Watch: 'The Wolf Of Wall Street' Trailer Featuring Kanye West's 'Black Skinhead'

Kanye West's Yeezus hasn't even touched shelves and already, it's become the musical accompaniment for what is sure to be another blockbuster hit. After wowing crowds in the Jay-Z-soundtracked Great Gatsby, Leonardo DICaprio returns to the big screen in the Wolf of Wall Street. Helmed by Academy Award winning director Martin Scorsese, Leo stars alongside Matthew McConaughey and Jonah Hill in the flick based on the bestselling memoir of the same name by notorious stockbroker Jordan Belfont, who landed in prison for illegal dealings. 'Ye's "Black Skinhead" provides the background sounds in the trailer above.

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'Boomerang' Episode 3 Recap: Stand In Your Power

As the aptly-named episode of BET’s Boomerang kicks off, Bryson is in a deep sleep when his sexual fantasy of Simone riding him like an Amtrak is abruptly cut short after she pulls out a strap-on (um, y’all are grown). Let’s just say, she’s not a football player but she rams. Despite his obvious initial thought, this isn’t a conflict of sexual identity. It’s that feeling of loss of power whenever he’s around the two most important women in his life: Simone and his mother Jacqueline who (FUN FACT) was played by the Queen, Robin Givens in the series’ 1992 film inspiration. First of her name. Mother of no BS. Protector of her pockets. Goddess of You Got the Wrong One. We stan.

While diving deeper into his familial issues, we realize that Jacqueline wasn’t just a ball-buster to Marcus back in the day. A therapy breakthrough reveals that mommy dearest isn’t too affectionate to young Bryson either.  Although she did pull her strings to land Bryson a solid role at the Graham agency, she didn’t make family a priority and that kind of thing sticks with you, ya know? Don’t feel too bad for Bryson just yet because at this point, he will no longer be a “yes, man,” no matter how bomb Simone always looks in her bob.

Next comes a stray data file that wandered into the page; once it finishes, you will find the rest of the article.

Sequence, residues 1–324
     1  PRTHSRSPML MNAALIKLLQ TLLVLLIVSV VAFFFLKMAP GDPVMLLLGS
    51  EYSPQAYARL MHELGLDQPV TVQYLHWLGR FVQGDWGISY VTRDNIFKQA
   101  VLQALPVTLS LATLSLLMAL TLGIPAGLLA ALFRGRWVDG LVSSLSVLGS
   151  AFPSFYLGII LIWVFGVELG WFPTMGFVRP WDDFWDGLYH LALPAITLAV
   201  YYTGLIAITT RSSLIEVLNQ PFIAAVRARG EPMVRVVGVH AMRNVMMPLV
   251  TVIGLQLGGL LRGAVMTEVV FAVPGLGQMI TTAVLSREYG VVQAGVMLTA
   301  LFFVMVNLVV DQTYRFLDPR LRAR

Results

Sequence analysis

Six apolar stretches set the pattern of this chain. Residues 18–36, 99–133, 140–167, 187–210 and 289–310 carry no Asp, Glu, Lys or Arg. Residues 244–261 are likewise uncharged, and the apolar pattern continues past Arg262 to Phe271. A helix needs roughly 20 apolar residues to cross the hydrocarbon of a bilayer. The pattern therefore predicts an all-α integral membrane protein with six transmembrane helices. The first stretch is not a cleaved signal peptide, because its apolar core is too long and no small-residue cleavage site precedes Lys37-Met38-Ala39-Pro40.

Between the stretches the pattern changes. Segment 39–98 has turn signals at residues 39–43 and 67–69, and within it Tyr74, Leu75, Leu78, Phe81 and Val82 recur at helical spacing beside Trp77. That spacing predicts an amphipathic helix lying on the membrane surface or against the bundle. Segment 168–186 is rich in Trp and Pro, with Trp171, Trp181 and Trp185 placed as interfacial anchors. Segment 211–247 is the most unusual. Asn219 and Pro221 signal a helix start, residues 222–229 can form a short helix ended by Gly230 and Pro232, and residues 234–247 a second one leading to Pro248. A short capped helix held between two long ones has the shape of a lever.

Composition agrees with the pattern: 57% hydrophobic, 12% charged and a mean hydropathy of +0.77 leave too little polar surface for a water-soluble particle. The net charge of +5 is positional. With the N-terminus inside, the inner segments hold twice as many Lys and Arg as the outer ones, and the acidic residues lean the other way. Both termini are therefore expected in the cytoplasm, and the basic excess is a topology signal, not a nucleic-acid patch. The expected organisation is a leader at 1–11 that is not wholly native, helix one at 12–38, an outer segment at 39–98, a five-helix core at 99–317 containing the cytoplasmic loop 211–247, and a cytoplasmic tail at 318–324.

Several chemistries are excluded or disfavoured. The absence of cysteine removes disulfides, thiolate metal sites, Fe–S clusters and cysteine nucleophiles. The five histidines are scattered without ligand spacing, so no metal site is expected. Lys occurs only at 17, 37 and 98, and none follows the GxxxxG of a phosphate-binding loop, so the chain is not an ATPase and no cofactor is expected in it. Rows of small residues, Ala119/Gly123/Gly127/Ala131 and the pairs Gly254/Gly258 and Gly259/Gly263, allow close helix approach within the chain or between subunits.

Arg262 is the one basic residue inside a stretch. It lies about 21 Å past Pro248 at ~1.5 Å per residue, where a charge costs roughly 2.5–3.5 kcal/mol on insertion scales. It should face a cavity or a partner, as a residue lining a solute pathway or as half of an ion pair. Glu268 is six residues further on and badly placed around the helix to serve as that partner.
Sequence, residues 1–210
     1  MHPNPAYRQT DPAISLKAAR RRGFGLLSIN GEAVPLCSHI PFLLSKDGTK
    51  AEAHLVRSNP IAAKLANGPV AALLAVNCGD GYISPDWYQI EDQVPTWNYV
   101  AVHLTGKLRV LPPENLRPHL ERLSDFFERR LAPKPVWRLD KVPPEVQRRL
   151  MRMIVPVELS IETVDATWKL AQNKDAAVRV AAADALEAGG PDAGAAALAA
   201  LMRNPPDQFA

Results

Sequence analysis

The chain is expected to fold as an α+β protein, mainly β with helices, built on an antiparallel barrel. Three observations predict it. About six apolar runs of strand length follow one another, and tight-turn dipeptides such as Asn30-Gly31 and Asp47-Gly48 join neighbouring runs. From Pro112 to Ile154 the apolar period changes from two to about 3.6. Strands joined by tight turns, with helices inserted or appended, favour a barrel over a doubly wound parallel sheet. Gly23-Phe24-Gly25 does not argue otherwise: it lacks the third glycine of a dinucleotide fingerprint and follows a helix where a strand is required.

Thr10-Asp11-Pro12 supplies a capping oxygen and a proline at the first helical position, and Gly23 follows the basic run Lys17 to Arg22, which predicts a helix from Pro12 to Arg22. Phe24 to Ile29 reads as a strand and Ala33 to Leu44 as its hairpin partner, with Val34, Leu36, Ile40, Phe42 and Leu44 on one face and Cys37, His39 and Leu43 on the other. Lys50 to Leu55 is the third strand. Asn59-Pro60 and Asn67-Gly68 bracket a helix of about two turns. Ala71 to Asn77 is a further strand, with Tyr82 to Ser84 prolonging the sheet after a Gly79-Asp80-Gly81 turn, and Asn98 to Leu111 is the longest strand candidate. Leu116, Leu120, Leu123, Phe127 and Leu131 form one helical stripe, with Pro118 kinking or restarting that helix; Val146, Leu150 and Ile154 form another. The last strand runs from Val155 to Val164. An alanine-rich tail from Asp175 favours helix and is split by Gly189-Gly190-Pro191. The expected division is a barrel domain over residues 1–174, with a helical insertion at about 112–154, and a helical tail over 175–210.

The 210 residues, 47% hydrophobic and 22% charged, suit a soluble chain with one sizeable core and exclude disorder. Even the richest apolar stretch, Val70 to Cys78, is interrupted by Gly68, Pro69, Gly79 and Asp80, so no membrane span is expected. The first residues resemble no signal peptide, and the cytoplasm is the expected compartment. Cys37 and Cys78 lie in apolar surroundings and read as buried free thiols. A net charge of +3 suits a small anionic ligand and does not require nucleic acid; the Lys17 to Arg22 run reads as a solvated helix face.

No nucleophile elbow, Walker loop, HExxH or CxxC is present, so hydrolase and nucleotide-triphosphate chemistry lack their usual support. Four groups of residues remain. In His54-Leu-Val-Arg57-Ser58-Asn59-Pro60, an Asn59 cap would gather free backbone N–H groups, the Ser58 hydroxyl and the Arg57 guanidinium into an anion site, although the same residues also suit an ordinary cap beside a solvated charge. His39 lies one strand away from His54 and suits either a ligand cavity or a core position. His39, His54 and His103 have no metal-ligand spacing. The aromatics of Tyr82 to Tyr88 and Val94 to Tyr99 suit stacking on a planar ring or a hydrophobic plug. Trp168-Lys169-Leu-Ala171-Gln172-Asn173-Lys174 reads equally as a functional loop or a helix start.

Just as Bryson decides to boss up, he unexpectedly runs into Simone back at the office who is helping herself to some supplies for her "home office." In a sudden “I can make moves, too” moment, Bryson shares with Simone that her idea (that he’s been persistently pitching)  has finally been greenlit and naturally, sis is annoyed. Marketing an avant-garde black film, such as the project in the episode, “Woke,” has always been a passion of hers.

Within two seconds into listening to his “plan of strategy” to market the movie, it’s obvious that Bryson can’t possibly be Big Bad Bry for too long without asking for Simone’s help. And Simone knows that. At this point, he’s still strong enough to not ask Simone for it but the Hustle Hungry protege takes it upon herself to force it anyway. It’s simple to her. Bryson needs black talent to promote the film and Simone has just the client- Tia. Granted, homegirl can’t sing a note to save her life, but Simone has some tricks and this is way too big of an opportunity to pass up.